Covid Antibodies May Last From Days To Years, Depending On I
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Antibodies against the novel coronavirus wane at different rates, according to a new study. The severity of Covid-19 severity could be a deciding factor in having longer-lasting protection against reinfection. Recovered patients with low levels of neutralising antibodies may still be protected from reinfection if they have robust immunity in the form of the body's T cells.

In the study, scientists, followed 164 Covid-19 patients for six to nine months, analysing their blood for neutralising antibodies against the SARS-CoV-2 virus, their T cells and immune system signalling molecules. They then used this information to train a machine learning algorithm to predict the trajectories of people's neutralising antibodies over time.

Based on the analysis, the researchers categorised people into five groups depending on how long their antibodies lasted. The first group, included those who never developed detectable neutralising antibodies -- also called the 'negative' group -- and comprised 11.6 per cent of the patients in the study.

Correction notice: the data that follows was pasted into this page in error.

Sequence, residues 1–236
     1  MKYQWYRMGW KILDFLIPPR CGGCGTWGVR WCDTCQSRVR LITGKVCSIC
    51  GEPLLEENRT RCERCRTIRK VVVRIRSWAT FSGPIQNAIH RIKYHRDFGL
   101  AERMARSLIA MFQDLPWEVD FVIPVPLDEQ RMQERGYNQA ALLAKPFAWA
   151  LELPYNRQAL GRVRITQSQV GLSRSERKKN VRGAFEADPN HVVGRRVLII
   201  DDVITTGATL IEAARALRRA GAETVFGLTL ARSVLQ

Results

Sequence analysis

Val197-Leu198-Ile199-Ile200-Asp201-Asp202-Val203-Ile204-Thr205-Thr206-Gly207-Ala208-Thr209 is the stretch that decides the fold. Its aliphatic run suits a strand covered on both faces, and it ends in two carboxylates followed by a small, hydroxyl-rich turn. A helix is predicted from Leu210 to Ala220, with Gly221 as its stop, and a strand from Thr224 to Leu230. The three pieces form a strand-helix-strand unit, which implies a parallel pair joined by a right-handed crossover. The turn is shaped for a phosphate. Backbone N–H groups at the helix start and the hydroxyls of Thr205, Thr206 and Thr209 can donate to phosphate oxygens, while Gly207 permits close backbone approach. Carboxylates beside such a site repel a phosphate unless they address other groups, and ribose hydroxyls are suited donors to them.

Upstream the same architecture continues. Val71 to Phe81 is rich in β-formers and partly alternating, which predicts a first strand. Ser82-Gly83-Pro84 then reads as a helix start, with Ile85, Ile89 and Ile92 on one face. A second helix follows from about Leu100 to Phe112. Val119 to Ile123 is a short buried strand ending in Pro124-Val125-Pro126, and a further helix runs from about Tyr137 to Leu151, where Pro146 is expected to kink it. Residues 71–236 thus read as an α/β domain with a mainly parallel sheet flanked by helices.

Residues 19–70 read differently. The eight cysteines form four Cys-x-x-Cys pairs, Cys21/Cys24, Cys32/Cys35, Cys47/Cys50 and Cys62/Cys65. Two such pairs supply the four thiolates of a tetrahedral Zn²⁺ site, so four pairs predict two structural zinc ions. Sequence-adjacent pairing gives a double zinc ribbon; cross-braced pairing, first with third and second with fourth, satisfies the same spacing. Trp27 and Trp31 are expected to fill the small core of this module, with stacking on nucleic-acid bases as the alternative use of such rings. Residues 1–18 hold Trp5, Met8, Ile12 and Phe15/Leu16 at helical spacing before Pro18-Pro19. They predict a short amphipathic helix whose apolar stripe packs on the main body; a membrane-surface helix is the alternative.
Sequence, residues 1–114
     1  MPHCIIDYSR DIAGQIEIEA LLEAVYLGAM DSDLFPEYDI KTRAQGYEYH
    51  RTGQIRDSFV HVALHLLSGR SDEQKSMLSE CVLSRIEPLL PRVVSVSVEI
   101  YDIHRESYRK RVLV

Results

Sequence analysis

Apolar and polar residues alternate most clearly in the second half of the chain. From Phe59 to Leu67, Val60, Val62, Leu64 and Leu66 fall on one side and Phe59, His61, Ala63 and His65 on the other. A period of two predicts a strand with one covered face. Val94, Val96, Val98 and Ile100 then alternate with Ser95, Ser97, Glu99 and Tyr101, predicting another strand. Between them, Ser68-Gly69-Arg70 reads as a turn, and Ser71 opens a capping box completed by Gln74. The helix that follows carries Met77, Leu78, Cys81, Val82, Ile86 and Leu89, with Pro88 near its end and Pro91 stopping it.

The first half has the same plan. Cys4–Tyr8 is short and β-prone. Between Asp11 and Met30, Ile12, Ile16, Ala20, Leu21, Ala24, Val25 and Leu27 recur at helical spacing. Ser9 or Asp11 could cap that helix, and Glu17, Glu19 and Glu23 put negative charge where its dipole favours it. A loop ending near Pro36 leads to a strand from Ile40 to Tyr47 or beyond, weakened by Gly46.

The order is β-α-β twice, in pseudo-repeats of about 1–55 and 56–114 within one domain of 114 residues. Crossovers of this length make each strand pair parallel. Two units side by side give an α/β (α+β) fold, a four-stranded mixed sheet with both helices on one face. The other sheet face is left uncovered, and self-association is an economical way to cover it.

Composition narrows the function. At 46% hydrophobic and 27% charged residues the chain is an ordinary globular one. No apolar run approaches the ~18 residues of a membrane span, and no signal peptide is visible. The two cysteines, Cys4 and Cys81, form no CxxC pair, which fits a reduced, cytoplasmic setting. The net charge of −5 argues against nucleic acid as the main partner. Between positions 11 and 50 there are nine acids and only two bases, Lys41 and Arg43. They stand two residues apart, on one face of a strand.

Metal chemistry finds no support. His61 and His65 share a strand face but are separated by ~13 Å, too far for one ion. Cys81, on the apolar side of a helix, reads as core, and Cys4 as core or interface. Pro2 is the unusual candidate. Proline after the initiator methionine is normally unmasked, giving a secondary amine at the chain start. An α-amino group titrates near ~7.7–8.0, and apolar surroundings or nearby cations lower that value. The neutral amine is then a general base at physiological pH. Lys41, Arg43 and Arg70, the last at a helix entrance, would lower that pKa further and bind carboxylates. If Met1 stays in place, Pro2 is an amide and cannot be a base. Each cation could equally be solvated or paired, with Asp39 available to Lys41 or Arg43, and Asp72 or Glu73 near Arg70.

The 'rapid waning' group, which included 26.8 percent of the patients, had varying early levels of antibodies that waned quickly, the scientists said. According to the researchers, the 'slow waning' group, which included 29 percent of the participants, tested mostly positive for antibodies at six months.

The 'persistent' group, comprising 31.7 percent of the individuals, showed little change in their antibody levels up to 180 days and, they said, adding that the 'delayed response' group showed a significant rise in neutralising antibodies during late convalescence. According to the study, patients, including those from the 'negative group', displayed sustained T-cell immunity six months after initial infection.

Based on the results, the scientists emphasised the importance of public health and social measures in ongoing pandemic outbreak response. They said the presence of T-cell immunity provides hope of longer-term protection, adding that more studies are needed to confirm the findings.

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